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The majority of dog owners pride themselves on keeping their dogs looking in good shape and smelling great. In fact, a few years ago most grooming salons only saw dog breeds such as poodles and other pedigree dogs that require regular clipping and stripping. These days, many owners treat their best friend to regular pampering sessions at the local dog groomer whatever their breed. So, although our dogs maybe clean themselves, what about everywhere else in the home that your dog frequents?
Be honest, how often do you wash your dog bowls? Every day? Once a week or rarely? Even small particles of food left in a bowl on a hot day can be a magnet for flies, which in turn lead to maggots especially if you feed your dog on wet food.
The dog bed is the perfect breeding ground for lots of nasty germs and grime. It’s a warm, often damp environment with dogs transferring all the dirt along with everything they’ve rolled in throughout the day into the bed and fabric itself.
When choosing a dog bed it’s always best to go for one with detachable, washable covers, and wash according to the manufacturers instruction. If you own a particulary mucky dog then simply add another layer for extra protection.
Wash covers on a regular basis and always give them a good shake outside to remove dust and hairs before washing. You may want to use a protective bag to place the covers in, to prevent any damage to your washing machine. Always look for a bed with covers that can be washed at a high enough temperature to kill germs.
Avoid using harsh or heavily scented washing powder as it could irritate the skin of sensitive dogs.
Avoid giving treats to your dog in the bed to prevent crumbs from biscuits and treats etc.
Quite often, dog toys are overlooked for cleaning. Toys such as soft fabric toys and tennis balls that your dog loves to hold in its mouth can be packed with germs. So, next time you plan to wash your dog’s bedding, throw in the toys as well or replace with new ones.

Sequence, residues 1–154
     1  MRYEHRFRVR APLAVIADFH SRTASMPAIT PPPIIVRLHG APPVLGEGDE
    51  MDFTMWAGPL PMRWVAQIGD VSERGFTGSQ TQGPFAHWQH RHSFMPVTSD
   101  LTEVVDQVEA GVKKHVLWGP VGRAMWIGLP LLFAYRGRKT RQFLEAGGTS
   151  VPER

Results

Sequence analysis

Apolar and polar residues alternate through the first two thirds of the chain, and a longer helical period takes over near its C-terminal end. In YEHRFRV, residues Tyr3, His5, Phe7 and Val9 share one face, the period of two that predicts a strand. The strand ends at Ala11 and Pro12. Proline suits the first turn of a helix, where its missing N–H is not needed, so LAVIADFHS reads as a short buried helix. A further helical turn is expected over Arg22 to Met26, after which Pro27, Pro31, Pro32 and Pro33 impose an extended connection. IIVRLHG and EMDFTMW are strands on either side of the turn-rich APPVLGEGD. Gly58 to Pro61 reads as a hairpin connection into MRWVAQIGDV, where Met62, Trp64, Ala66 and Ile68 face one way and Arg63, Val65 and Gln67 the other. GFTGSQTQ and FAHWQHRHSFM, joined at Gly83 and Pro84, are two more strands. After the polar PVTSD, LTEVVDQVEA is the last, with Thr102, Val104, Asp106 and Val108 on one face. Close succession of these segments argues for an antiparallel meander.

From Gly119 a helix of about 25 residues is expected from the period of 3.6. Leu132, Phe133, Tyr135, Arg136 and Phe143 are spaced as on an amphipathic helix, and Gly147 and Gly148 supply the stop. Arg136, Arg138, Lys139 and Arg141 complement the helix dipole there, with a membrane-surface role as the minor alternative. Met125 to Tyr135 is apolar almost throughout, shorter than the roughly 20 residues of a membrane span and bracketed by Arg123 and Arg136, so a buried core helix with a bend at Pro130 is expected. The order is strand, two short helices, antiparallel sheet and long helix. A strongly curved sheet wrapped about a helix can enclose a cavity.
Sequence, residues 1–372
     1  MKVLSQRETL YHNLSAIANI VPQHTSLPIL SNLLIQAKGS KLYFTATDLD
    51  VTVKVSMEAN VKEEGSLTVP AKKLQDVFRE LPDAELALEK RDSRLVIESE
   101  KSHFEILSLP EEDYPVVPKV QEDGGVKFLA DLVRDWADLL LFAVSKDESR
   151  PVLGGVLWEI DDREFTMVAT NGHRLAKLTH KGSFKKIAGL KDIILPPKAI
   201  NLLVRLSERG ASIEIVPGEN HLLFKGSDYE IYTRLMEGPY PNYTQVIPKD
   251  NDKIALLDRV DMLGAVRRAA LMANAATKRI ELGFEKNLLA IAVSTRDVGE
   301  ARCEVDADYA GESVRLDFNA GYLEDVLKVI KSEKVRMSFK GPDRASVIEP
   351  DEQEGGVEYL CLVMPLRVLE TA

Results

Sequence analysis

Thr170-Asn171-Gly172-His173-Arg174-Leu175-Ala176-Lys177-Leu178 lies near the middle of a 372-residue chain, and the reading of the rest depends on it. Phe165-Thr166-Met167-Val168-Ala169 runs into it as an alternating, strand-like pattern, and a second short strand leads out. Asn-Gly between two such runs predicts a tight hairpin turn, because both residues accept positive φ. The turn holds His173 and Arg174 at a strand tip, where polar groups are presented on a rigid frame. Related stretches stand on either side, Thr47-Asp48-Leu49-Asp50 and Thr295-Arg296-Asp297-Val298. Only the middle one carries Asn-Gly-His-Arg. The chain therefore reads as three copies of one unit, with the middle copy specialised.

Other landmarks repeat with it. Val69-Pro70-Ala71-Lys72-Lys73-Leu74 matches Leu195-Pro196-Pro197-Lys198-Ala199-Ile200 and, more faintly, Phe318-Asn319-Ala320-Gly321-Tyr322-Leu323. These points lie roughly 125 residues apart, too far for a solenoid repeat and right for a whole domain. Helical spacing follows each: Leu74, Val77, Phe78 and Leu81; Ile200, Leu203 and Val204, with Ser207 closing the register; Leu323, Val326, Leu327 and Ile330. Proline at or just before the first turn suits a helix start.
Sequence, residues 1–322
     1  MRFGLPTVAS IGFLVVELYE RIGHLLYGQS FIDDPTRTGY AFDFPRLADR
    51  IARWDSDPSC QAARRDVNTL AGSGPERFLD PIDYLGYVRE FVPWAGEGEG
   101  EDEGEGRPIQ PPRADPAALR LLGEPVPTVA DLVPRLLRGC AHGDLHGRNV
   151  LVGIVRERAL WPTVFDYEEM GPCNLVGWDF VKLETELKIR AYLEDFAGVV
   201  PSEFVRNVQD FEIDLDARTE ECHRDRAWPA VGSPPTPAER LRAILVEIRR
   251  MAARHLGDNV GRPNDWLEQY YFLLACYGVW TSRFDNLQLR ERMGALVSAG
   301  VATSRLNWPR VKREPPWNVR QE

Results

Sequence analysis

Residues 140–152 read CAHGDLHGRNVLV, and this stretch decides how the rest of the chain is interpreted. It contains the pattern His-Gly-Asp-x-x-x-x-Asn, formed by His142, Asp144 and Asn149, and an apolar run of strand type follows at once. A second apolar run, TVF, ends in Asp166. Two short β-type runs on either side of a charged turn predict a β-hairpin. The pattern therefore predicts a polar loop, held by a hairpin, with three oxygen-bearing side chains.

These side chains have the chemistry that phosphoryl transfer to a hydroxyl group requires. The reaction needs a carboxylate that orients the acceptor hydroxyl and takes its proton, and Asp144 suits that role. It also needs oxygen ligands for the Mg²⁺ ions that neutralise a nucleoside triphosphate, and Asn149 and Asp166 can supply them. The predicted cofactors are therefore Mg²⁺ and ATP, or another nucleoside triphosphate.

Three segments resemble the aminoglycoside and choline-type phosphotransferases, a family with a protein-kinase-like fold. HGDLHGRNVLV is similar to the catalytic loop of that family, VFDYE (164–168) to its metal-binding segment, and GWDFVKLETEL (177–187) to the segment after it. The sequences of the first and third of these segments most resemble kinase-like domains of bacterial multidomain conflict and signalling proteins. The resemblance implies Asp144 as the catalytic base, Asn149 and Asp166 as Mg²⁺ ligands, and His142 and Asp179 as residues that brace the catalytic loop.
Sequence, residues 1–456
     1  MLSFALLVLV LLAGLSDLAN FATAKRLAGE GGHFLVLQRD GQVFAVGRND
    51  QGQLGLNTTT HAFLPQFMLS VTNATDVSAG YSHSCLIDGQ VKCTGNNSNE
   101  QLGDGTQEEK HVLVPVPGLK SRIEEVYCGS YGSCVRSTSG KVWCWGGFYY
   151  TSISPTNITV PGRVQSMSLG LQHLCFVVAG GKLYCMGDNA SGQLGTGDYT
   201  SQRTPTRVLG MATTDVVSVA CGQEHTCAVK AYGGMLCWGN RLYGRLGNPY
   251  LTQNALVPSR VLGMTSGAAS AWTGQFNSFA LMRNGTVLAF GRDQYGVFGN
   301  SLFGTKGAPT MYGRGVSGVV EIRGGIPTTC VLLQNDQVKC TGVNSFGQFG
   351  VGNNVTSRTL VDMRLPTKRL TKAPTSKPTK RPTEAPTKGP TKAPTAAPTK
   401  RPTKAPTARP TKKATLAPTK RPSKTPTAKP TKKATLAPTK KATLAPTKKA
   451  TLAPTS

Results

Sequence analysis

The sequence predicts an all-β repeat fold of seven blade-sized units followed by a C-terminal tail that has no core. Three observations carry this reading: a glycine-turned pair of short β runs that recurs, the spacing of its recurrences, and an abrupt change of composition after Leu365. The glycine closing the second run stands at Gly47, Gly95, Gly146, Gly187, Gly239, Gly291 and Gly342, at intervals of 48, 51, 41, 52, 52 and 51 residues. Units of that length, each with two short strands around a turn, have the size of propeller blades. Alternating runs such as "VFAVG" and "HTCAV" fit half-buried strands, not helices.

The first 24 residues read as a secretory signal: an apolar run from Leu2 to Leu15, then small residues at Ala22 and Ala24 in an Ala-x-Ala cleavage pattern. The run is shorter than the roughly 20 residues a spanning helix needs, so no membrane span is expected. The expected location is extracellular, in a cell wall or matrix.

Most of us who are lucky enough to have a garden, allow their pets to use the lawn for toileting. Of course many of us immediately pick up after our dogs to keep our garden neat and tidy, but that may not be enough if you don’t worm your dog on a regular basis. Roundworm is a common type of parasite that will affect most dogs during their lifetime. Roundworm eggs are not visible to the naked eye and can lay dormant for many years on your lawn and soil. Roundworm carries a particular health risk to children and in extreme cases even lead to blindness. Always keep worming treatments up to date and avoid letting your children play with soil and on grass where you dog tends to toilet.
Most dogs enjoy rolling in nasty, smelly things and a firm favourite for many is fox poo. Foxes have moved into suburban areas in recent years and it’s not uncommon to see them in city gardens. If your dog loves to roll in fox poo or other unpleasant things, ensure you wash its collar on a regular basis.
Ok, we all love to pet and fuss our dogs, and it’s quite easy to forget to wash our hands each time we touch them. Always wash your hands before handling food or touching surfaces around the home to avoid spreading germs. Get into the habit of washing your hands after touching your dog and that includes children too. Antibacterial gels are handy to keep around the home to keep germs at bay.
Avoid letting your dog sleep on the bed to keep your place of sanctuary clean and hygienic.